In an about-face, the education minister announced Friday that the investigation into alleged favoritism that benefited a school chain run by a close friend of Prime Minister Shinzo Abe would be reopened.

A flurry of media reports this week quoting insiders who backed the authenticity of the leaked documents at the center of the scandal appears to have forced the Cabinet’s hand by generating a public outcry against the government.

The alleged documents, in the form of email attachments, suggest that education officials swayed the approval process for a new veterinary department at a university owned by Kake Gakuen, which is chaired by Abe’s close friend Kotaro Kake.

Japan already has enough veterinary departments and opening a new one requires government approval. Kake Gakuen’s application was the first to be approved in 52 years.

At his Friday news conference, education minister Hirokazu Matsuno said that the ministry has faced public criticism that the previous investigation had been insufficient.

“There were really strong opinions coming from the public. We’d like to squarely face this and conduct another investigation,” Matsuno said.

While saying he would try to determine whether the documents leaked actually exist or not, Matsuno said the ministry has not yet decided on how the probe will be conducted.

He also said Abe told him to conduct “a thorough investigation” into the matter.

The scandal didn’t gain much traction until May 25, when Kihei Maekawa, the former administrative vice education minister, held a news conference to vouch for the authenticity of the documents, causing a public sensation.

By Thursday, at least six newspapers and TV stations as well as a weekly magazine had run reports quoting anonymous bureaucrats in the ministry as saying the papers were genuine.

Until Thursday, however, Chief Cabinet Secretary Yoshihide Suga had staunchly refused to reopen the probe, insisting the papers were “of unknown origin” and thus not worthy of further attention.

Two of the nine documents, whose existence was first reported by the Asahi Shimbun newspaper last month, quoted Cabinet Office officials as saying “the highest-level” people at the Prime Minister’s Office wanted to quickly approve an application from Okayama-based Kake Gakuen to open a veterinary department at its university in Imabari, Ehime Prefecture.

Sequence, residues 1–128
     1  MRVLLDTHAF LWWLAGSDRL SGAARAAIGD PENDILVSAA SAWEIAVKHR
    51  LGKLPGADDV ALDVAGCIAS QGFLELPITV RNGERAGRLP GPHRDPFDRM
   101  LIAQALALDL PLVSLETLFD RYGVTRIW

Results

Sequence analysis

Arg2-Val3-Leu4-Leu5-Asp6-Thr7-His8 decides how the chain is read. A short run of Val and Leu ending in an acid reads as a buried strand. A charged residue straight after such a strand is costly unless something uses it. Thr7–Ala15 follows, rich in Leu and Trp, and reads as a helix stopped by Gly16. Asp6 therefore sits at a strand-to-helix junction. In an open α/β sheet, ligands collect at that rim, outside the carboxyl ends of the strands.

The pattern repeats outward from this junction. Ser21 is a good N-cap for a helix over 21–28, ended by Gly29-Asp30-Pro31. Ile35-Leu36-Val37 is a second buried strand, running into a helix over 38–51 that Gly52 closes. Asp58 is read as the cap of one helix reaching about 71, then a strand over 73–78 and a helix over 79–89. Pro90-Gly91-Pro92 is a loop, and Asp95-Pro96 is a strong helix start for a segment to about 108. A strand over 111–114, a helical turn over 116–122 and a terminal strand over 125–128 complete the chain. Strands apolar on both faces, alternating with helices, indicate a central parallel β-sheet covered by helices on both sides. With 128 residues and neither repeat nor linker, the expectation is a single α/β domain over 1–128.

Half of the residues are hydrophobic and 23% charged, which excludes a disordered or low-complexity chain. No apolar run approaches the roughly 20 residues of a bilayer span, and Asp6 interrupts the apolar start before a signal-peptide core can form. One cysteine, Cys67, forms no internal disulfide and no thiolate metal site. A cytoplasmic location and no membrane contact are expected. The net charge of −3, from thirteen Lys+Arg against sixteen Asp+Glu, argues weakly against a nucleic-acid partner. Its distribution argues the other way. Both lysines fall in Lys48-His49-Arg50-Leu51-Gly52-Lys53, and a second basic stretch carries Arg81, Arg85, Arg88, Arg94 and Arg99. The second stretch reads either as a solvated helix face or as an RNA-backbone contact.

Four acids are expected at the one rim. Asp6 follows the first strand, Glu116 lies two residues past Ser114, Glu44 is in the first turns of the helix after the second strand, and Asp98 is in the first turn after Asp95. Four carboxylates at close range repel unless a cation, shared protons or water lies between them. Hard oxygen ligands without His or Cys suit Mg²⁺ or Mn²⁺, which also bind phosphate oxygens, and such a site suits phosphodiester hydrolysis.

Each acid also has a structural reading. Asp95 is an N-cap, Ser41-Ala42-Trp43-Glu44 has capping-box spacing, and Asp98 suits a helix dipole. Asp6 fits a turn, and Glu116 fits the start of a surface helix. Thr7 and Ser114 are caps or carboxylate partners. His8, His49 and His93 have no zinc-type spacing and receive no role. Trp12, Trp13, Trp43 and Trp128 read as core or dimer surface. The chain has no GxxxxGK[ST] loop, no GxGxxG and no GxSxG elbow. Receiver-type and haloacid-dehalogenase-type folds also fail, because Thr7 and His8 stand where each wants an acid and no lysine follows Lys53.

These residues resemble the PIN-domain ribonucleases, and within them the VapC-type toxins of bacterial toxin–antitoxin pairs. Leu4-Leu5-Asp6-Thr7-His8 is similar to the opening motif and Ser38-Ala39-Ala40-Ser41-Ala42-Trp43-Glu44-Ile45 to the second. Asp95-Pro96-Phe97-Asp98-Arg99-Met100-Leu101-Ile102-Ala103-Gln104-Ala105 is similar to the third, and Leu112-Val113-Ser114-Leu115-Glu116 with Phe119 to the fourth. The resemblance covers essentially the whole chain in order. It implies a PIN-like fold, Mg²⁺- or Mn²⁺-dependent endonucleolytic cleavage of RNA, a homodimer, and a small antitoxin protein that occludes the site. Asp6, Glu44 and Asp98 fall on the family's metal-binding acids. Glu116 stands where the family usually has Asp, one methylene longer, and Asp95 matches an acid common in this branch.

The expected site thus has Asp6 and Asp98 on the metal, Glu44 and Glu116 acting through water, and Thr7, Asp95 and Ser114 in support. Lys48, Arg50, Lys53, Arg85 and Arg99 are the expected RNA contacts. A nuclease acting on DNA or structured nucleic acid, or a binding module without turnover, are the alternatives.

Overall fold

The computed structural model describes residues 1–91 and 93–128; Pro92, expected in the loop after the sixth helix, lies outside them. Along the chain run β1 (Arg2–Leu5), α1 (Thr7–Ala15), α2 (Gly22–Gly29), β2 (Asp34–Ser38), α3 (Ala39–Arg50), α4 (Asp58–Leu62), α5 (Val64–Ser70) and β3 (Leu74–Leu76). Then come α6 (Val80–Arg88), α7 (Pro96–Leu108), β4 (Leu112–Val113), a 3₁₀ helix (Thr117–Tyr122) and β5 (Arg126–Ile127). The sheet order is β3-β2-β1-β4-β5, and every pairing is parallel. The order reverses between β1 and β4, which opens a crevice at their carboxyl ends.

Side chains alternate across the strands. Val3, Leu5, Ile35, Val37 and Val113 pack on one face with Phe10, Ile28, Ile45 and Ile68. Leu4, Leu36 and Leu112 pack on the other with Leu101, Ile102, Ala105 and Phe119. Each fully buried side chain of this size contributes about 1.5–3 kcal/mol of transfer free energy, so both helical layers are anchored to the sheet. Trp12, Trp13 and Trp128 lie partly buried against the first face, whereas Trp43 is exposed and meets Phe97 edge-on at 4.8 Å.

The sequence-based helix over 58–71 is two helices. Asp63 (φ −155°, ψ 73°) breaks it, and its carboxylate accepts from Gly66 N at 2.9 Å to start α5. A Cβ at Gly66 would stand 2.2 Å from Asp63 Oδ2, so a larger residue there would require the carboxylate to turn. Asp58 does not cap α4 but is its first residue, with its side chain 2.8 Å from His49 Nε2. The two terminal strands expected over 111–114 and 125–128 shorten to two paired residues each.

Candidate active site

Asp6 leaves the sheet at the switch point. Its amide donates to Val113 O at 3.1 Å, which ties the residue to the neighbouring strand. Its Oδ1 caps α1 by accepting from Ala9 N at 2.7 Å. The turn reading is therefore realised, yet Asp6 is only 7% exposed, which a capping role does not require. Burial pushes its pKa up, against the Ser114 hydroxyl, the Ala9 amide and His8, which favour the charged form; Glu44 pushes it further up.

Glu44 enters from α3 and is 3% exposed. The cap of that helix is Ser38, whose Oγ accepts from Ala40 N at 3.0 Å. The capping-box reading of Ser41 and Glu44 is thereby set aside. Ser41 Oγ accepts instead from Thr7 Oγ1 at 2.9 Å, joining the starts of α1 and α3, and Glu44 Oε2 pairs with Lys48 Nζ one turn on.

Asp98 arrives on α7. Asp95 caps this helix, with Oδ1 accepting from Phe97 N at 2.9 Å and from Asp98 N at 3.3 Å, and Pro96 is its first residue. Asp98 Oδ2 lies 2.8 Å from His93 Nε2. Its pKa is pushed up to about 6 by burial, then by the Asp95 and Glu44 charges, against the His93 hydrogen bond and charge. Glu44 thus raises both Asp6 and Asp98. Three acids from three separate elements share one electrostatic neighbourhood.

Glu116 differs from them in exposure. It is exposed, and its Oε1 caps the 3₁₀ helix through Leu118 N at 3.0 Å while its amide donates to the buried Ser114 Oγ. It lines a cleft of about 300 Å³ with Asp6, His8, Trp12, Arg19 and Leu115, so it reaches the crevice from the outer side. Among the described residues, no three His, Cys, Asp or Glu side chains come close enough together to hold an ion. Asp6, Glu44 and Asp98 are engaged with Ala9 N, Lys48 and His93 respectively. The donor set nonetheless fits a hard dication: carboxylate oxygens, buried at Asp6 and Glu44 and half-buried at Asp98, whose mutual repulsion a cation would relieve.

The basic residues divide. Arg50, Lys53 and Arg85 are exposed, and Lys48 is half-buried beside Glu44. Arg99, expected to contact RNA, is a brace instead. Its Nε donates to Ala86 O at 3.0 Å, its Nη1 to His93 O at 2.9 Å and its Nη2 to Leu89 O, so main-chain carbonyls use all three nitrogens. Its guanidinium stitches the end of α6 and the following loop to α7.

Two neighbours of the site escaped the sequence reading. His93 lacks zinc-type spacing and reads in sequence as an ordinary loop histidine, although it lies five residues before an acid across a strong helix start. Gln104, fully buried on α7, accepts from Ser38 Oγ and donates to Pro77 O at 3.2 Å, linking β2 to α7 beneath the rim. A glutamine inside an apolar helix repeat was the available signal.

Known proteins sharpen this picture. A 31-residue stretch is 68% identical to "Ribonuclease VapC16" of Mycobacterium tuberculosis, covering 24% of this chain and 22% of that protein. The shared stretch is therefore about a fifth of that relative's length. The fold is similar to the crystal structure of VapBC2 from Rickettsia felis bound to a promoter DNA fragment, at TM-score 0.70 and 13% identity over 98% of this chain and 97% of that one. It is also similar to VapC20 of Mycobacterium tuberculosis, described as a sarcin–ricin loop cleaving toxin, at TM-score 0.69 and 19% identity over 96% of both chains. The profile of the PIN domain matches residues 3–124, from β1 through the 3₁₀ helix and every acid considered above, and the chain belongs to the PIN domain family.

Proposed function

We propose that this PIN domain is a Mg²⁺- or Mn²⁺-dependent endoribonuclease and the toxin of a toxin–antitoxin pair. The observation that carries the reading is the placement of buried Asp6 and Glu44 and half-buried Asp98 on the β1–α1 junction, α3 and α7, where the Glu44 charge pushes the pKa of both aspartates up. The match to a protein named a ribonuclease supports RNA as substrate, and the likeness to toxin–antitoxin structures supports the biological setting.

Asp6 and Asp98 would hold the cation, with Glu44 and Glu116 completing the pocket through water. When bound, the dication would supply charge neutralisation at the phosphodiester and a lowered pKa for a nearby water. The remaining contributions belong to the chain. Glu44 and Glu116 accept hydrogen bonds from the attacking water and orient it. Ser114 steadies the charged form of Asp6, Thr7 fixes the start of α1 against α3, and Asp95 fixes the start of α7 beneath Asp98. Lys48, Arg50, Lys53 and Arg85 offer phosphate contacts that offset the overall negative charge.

Another paper quoted Cabinet Office officials as saying “the prime minister’s intent” is to approve the new department as quickly as possible.

Last month, the ministry claimed it was unable to find any of the leaked documents after interviewing several of its officials and searching an online folder shared by its Technical Education Division, which apparently drafted them.

But the ministry failed to search the hard drives of the computers used by 31 officials in the division.

Even if Abe did pull a favor for his friend, it would be unlikely to constitute illegal conduct on his part or the Cabinet Office.

But it would severely damage Abe’s credibility and that of his administration because he and the other official involved have repeatedly denied exerting any political influence on Kake Gakuen’s application. The veterinary department is now being touted as a deregulation project.

According to Kyodo News, the idea of reopening the investigation emerged when Abe, Suga and Deputy Chief Secretary Kazuhiro Sugita held a meeting Thursday at the Prime Minister’s Office to discuss how to handle his latest favoritism scandal.

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